2. According to comments on fread docs, a few caveats: magic quotes may interfere and must be turned off.

3. Setting mb_http_output('pass') (docs) may be a good idea. Though 'pass' is already the default setting, you may need to specify it explicitly if your code or config has previously changed it to something else.

4. If you're creating a zip (as opposed to gzip), you'd want to use the content type header:

Content-type: application/zip

or... 'application/octet-stream' can be used instead. (it's a generic content type used for binary downloads of all different kinds):

Content-type: application/octet-stream

and if you want the user to be prompted to download and save the file to disk (rather than potentially having the browser try to display the file as text), then you'll need the content-disposition header. (where filename indicates the name that should be suggested in the save dialog):

Content-disposition: attachment; filename="file.zip"

One should also send the Content-length header, but this is hard with this technique as you don’t know the zip’s exact size in advance. Is there a header that can be set to indicate that the content is "streaming" or is of unknown length? Does anybody know?


Finally, here's a revised example that uses all of @Benji's suggestions (and that creates a ZIP file instead of a TAR.GZIP file):

<?php
// make sure to send all headers first
// Content-Type is the most important one (probably)
//
header('Content-Type: application/octet-stream');
header('Content-disposition: attachment; filename="file.zip"');

// use popen to execute a unix command pipeline
// and grab the stdout as a php stream
// (you can use proc_open instead if you need to 
// control the input of the pipeline too)
//
$fp = popen('zip -r - file1 file2 file3', 'r');

// pick a bufsize that makes you happy (8192 has been suggested).
$bufsize = 8192;
$buff = '';
while( !feof($fp) ) {
   $buff = fread($fp, $bufsize);
   echo $buff;
}
pclose($fp);

Update: (2012-11-23) I have discovered that calling flush() within the read/echo loop can cause problems when working with very large files and/or very slow networks. At least, this is true when running PHP as cgi/fastcgi behind Apache, and it seems likely that the same problem would occur when running in other configurations too. The problem appears to result when PHP flushes output to Apache faster than Apache can actually send it over the socket. For very large files (or slow connections), this eventually causes in an overrun of Apache's internal output buffer. This causes Apache to kill the PHP process, which of course causes the download to hang, or complete prematurely, with only a partial transfer having taken place.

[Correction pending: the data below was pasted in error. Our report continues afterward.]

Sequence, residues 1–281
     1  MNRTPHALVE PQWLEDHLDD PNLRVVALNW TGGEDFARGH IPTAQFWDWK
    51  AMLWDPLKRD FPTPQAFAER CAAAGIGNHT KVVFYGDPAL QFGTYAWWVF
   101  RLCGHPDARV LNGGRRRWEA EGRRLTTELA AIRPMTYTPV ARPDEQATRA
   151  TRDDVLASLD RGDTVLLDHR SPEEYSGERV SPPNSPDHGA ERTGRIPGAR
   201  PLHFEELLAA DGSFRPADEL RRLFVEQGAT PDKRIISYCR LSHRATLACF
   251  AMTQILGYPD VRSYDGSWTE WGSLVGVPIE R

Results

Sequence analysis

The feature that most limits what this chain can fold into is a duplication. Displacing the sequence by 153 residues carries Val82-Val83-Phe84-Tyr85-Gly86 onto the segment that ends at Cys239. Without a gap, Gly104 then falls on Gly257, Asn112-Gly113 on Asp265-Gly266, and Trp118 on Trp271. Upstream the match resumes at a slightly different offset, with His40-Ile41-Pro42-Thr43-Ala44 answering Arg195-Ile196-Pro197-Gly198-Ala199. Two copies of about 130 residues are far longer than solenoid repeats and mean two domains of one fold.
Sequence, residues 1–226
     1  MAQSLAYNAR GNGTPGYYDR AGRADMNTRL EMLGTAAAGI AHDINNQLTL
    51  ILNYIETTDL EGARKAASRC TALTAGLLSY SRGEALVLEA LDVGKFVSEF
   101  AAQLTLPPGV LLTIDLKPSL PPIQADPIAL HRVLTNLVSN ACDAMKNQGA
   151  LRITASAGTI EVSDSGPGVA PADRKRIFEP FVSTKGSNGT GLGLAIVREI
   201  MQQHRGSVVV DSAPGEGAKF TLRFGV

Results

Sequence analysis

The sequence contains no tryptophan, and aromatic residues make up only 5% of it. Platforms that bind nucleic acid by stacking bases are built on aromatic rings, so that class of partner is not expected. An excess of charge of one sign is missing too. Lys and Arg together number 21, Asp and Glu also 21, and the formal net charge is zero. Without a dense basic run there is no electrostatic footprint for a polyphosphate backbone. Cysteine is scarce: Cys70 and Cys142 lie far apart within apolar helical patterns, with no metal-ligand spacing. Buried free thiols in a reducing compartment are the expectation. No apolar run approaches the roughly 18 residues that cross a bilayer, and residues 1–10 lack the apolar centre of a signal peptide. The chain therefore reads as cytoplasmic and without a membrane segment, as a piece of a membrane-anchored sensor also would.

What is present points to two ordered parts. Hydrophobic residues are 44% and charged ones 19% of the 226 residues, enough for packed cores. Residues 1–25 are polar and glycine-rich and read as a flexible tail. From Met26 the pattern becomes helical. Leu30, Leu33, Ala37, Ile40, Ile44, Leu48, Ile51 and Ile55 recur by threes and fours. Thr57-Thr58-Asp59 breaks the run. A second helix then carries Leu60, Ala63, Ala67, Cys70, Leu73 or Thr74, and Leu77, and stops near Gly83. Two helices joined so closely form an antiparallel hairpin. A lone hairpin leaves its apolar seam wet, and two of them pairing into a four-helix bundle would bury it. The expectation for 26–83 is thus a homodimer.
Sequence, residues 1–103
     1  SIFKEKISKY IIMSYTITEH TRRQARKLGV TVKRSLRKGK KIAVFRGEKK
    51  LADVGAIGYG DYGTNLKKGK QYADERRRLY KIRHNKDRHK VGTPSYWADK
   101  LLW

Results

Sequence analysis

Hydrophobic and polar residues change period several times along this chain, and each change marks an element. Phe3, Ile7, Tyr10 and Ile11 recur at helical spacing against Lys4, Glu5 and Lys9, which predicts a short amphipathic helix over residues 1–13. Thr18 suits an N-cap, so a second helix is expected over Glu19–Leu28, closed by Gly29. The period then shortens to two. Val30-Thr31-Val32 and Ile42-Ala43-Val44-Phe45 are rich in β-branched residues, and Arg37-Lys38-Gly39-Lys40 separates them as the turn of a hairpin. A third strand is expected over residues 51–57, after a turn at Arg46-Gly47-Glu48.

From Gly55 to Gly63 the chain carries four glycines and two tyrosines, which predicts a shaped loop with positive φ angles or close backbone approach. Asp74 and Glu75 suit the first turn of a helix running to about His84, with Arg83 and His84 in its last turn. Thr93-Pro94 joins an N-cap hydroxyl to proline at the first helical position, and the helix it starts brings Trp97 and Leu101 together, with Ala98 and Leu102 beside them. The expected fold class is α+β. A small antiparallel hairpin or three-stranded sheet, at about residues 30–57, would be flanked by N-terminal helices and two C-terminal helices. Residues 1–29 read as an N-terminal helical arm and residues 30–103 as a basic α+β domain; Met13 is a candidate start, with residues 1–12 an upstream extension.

The solution is not to call flush() at all. I have updated the code examples above to reflect this, and I placed a note in the text at the top of the answer.

Wednesday, March 31, 2021
 
mgraph
answered 7 Months ago
29

mdbtools on sourceforge has not been updated since 2004. I see someone has put it on github and seems to have made a few small changes. The SQL support in it was never that good, it was read only and I know from experience trying it under Perl with DBD::ODBC a lot of the tests failed. I think you are going to have a hard time with it.

There are other more reliable ways to access a MS Access database from Linux but they are all to my knowledge commercial. To access a MS Access database from Linux I know of the following:

Easysoft have an ODBC-ODBC Bridge (which can be used to access a MS Access DB on a windows machine using the MS Access ODBC Driver) but it requires installing a service on the Windows machine. Easysoft also have a MS Access ODBC driver which can be used for direct access to the mdb/accdb file so long as it is visible from Linux.

There are other commercial ODBC bridges from Openlink.

Wednesday, March 31, 2021
 
lena
answered 7 Months ago
55

You need to say which constructor you want to use a pass it arguments.

Car c = Car.class.getConstructor(String.class).newInstance("Lightning McQueen");
Thursday, July 15, 2021
 
Laimoncijus
answered 4 Months ago
65
VAR=$( dig axfr @dc1.localdomain.com localdomain.com |
     grep -i Lawler |
     awk '{ getline ; $1=substr($1,1,length($1)-1); print $1 ; exit }' )
Friday, October 1, 2021
 
bimal
answered 3 Weeks ago
75

You can also use the function touchesBegan. With this function you can easily say what would happen if a button (or multiple buttons) are being pressed/touched.

Code should look like:

-(void)touchesBegan:(NSSet *)touches withEvent:(UIEvent *)event {
        UITouch *touch = [[event touchesForView:self.view] anyObject];

    if(touch == YourButton){
         //so some stuff after touching the button

    }
}

Don't forget to decare the button in your .h like IBOutlet UIButton * MyButton;

Wednesday, October 20, 2021
 
Don
answered 3 Days ago
Don